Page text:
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This describes the extent to which young people feel they are in control of their lives and their work. This is where the sense of “can do” sits. If you ask a person who scores highly on this scale to do something which may be out of their comfort zone then their default response would typically be “Give it to me. I can do it”. They are more likely to volunteer and more likely to be prepared to handle several things at once.

Young people at the other end of the scale are likely to hold back, to prefer to do one thing at a time and are likely to show (e.g., dismay and discomfort) what they feel to others.

Research has shown that there are two subscales here:

(Emotional) control—Individuals scoring highly on this scale are better able to manage their emotions. They are able to keep anxieties
in check and are less likely to reveal their emotional state to other people sometimes revealing only what they want to show.

Life control (sometimes called self-efficacy)—Individuals scoring higher on this scale are more likely to believe that they control their lives. They feel that their plans will not be thwarted by outside factors and that they can make a difference.


Sometimes described as “stickability”, this describes the ability for an individual to carry out tasks successfully despite any problems or obstacles that arise whilst achieving the goal. It has two elements. One is the extent to which the young person is goal orientated. This is about the extent to which they will make promises, to themselves and to others. The other element is the extent to which they do what it takes to keep that promise. One implication is that a mentally tough young person will often be naturally hard working. They are also likely to persevere with difficult tasks. Someone with a low commitment score would avoid making promises and shy away from anything that carries a sense of measurement.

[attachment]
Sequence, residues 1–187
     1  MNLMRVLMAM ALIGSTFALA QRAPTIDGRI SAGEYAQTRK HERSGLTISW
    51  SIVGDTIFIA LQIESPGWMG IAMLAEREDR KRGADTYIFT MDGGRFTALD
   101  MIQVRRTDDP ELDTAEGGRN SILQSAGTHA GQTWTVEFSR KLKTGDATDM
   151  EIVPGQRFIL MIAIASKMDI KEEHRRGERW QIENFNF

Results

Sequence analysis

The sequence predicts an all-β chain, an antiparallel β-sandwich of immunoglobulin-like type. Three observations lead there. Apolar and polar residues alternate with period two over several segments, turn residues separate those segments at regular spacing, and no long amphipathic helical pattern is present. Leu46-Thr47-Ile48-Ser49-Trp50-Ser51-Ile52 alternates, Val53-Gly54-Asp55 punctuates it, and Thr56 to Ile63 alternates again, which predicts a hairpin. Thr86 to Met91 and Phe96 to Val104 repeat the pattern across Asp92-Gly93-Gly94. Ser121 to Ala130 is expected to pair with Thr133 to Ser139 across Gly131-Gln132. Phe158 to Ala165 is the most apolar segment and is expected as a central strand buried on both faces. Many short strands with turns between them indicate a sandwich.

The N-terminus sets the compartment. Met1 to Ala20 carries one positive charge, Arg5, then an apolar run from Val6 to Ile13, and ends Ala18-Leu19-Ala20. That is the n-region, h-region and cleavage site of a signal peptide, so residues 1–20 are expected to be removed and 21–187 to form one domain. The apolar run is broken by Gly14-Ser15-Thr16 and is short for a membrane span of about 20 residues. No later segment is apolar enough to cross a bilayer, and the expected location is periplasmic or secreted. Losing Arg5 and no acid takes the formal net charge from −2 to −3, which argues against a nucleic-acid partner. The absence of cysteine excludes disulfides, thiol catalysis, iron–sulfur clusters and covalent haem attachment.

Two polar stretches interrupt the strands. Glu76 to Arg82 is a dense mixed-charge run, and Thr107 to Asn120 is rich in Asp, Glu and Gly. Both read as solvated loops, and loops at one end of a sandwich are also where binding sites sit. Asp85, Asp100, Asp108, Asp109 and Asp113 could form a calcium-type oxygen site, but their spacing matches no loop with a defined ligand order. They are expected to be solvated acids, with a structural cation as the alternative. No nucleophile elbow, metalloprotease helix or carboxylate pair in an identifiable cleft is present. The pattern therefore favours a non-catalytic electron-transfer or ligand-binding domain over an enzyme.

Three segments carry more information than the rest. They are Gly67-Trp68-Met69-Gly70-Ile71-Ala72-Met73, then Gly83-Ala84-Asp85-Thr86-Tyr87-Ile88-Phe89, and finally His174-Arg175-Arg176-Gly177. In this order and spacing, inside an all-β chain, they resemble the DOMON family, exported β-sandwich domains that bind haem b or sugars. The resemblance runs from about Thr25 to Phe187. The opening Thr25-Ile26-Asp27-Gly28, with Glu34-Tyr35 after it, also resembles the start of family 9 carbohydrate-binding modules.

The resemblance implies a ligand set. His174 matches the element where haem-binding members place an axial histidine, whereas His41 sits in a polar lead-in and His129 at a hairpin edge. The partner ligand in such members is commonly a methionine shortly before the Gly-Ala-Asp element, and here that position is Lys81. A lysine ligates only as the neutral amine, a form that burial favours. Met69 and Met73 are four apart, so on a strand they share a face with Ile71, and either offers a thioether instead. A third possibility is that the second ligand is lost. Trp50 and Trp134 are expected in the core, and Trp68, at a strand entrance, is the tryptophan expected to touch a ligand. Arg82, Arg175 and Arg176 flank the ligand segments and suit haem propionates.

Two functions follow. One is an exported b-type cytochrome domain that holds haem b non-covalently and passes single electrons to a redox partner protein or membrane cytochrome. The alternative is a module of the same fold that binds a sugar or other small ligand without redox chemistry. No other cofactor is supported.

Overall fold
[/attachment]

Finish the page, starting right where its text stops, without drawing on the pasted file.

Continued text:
Mental toughness is often mistaken for resilience. Resilience is often defined as a function of control and commitment. Resilience represents the ability to deal with an adverse situation and still complete some or all of what you had set out to do. It is to some extent a passive quality. A resilient person won't necessarily be positive about it.

Mental toughness broadens this concept by adding two more components—Challenge and Confidence. This introduces a more proactive element.


This describes the extent to which individuals see problems, setbacks, and challenges as opportunities. Those who see them as opportunities will actively seek them out and will identify problems as ways for selfdevelopment. Those at the other end of the scale see problems as threats. It determines to some extent how young persons deal with change and with new situations. It emerges as a significant factor in transition in education.

Confidence (self belief or self-esteem)

This assesses the extent to which individuals believe they have the capability to do what they need to do. On its own that is not enough either. Confident individuals must also be able to stand their ground when needed and have the confidence to present their views and ideas to others.

Individuals who are high in confidence have the self belief to successfully complete tasks, which may be considered too difficult by individuals with similar abilities but with lower confidence. They may also allow themselves to be talked out of doing something. Less confident individuals are also likely to be less persistent and to make more errors.